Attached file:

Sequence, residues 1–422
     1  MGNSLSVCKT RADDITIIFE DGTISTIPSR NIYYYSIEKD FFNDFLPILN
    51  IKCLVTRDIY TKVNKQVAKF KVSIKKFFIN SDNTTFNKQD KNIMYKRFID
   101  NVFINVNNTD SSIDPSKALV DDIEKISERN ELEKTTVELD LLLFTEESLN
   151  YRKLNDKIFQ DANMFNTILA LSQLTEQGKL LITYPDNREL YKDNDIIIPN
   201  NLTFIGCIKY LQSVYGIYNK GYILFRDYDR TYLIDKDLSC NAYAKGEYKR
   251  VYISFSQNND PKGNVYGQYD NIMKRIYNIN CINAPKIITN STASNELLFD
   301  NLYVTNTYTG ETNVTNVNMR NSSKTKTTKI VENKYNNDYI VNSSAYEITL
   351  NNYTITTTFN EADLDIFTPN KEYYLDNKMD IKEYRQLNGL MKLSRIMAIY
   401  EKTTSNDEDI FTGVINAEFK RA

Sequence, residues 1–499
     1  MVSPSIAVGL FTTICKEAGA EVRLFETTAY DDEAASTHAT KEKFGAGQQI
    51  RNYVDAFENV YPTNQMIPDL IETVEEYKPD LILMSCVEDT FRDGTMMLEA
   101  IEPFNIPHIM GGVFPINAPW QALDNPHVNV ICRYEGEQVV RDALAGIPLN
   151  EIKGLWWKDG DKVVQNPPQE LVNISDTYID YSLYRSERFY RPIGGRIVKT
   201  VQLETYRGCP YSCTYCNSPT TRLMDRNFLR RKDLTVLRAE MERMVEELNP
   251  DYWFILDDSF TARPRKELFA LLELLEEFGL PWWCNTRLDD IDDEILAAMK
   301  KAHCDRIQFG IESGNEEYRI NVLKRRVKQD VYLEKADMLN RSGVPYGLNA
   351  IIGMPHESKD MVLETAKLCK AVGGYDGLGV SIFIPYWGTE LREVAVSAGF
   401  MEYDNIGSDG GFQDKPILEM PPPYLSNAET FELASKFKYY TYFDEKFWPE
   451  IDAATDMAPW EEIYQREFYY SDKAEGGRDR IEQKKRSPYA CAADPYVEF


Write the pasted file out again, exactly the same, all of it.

Sequence, residues 1–422
     1  MGNSLSVCKT RADDITIIFE DGTISTIPSR NIYYYSIEKD FFNDFLPILN
    51  IKCLVTRDIY TKVNKQVAKF KVSIKKFFIN SDNTTFNKQD KNIMYKRFID
   101  NVFINVNNTD SSIDPSKALV DDIEKISERN ELEKTTVELD LLLFTEESLN
   151  YRKLNDKIFQ DANMFNTILA LSQLTEQGKL LITYPDNREL YKDNDIIIPN
   201  NLTFIGCIKY LQSVYGIYNK GYILFRDYDR TYLIDKDLSC NAYAKGEYKR
   251  VYISFSQNND PKGNVYGQYD NIMKRIYNIN CINAPKIITN STASNELLFD
   301  NLYVTNTYTG ETNVTNVNMR NSSKTKTTKI VENKYNNDYI VNSSAYEITL
   351  NNYTITTTFN EADLDIFTPN KEYYLDNKMD IKEYRQLNGL MKLSRIMAIY
   401  EKTTSNDEDI FTGVINAEFK RA

Sequence, residues 1–499
     1  MVSPSIAVGL FTTICKEAGA EVRLFETTAY DDEAASTHAT KEKFGAGQQI
    51  RNYVDAFENV YPTNQMIPDL IETVEEYKPD LILMSCVEDT FRDGTMMLEA
   101  IEPFNIPHIM GGVFPINAPW QALDNPHVNV ICRYEGEQVV RDALAGIPLN
   151  EIKGLWWKDG DKVVQNPPQE LVNISDTYID YSLYRSERFY RPIGGRIVKT
   201  VQLETYRGCP YSCTYCNSPT TRLMDRNFLR RKDLTVLRAE MERMVEELNP
   251  DYWFILDDSF TARPRKELFA LLELLEEFGL PWWCNTRLDD IDDEILAAMK
   301  KAHCDRIQFG IESGNEEYRI NVLKRRVKQD VYLEKADMLN RSGVPYGLNA
   351  IIGMPHESKD MVLETAKLCK AVGGYDGLGV SIFIPYWGTE LREVAVSAGF
   401  MEYDNIGSDG GFQDKPILEM PPPYLSNAET FELASKFKYY TYFDEKFWPE
   451  IDAATDMAPW EEIYQREFYY SDKAEGGRDR IEQKKRSPYA CAADPYVEF